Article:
Hennepin County paramedics say job is more dangerous than ever before
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The Hennepin County Association of Paramedics and EMTs surveyed 160 of its union members and received responses from over 100 — the vast majority said their jobs were more dangerous than the day they started employment with Hennepin Healthcare.
87% said they’ve been affected by gun violence in their daily operations, 78% said they’ve been assaulted by a patient or a bystander and 92% said their job has become more dangerous since they started working at Hennepin Healthcare.
HCAPE Treasurer, Dmitriy Stalmakov, said the union has asked Hennepin Healthcare management to improve technology that’s utilized inside the ambulance so reports of problem patients and problem locations can be put into a computer. This would immediately give other paramedics access to that data to know where violent problems could arise on any given ambulance run.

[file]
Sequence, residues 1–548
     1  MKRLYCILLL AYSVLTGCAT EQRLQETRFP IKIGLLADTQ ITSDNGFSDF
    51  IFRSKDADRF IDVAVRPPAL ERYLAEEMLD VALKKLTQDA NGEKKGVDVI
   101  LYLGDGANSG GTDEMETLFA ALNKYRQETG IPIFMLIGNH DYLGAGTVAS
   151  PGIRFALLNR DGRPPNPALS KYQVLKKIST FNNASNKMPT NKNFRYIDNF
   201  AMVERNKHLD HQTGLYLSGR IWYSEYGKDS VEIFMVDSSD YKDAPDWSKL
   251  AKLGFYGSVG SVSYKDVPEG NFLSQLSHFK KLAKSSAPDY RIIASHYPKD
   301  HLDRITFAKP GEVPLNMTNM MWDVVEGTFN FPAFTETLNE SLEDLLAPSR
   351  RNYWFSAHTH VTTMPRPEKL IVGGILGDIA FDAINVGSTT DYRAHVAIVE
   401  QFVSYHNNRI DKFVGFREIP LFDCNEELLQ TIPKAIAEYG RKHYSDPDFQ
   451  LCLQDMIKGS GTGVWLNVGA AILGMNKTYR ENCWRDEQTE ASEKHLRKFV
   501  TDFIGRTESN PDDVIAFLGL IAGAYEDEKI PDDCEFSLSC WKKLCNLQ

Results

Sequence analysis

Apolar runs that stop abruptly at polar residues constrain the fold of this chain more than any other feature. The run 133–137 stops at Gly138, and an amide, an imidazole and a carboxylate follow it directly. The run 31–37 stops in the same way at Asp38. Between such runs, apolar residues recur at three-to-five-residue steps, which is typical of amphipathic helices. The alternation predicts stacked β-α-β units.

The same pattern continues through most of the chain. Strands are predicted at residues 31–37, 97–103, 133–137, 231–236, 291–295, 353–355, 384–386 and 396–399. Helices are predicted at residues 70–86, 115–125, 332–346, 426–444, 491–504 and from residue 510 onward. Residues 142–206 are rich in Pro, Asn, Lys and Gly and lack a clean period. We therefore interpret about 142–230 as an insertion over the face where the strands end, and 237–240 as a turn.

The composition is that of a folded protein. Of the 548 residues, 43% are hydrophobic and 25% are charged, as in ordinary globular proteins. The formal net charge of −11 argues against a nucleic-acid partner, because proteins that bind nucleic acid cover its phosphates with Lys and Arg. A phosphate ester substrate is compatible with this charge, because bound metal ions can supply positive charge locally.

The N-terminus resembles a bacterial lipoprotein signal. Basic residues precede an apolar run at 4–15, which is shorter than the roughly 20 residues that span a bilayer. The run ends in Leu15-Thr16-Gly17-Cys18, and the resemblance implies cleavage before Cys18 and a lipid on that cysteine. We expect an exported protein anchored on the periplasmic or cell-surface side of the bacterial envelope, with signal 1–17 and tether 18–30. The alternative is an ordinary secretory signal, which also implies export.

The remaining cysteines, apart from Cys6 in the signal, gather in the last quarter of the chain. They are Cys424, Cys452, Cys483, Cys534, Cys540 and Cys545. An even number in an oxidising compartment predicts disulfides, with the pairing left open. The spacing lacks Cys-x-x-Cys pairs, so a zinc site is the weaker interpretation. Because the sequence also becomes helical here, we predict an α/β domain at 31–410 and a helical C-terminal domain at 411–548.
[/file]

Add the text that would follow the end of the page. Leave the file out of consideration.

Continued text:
“So, if we encourage the reporting and then our Healthcare leadership actually goes and reviews it and builds a database, and says, hey, this is a problem and we can actually go and fix the problem,” said Stalmakov.
Hennepin HealthCare EMS Chief, Martin Scheerer, told KSTP paramedics do have legitimate concerns and management has already upgraded the computers to allow paramedics to report assaults simply and quickly.
“We have it in the ambulance where they open their computer and file a report. And, filing the report is real easy. Their name, two or three words, ‘I was assaulted on this call’ and so it’s really, really easy to report,” said Scheerer.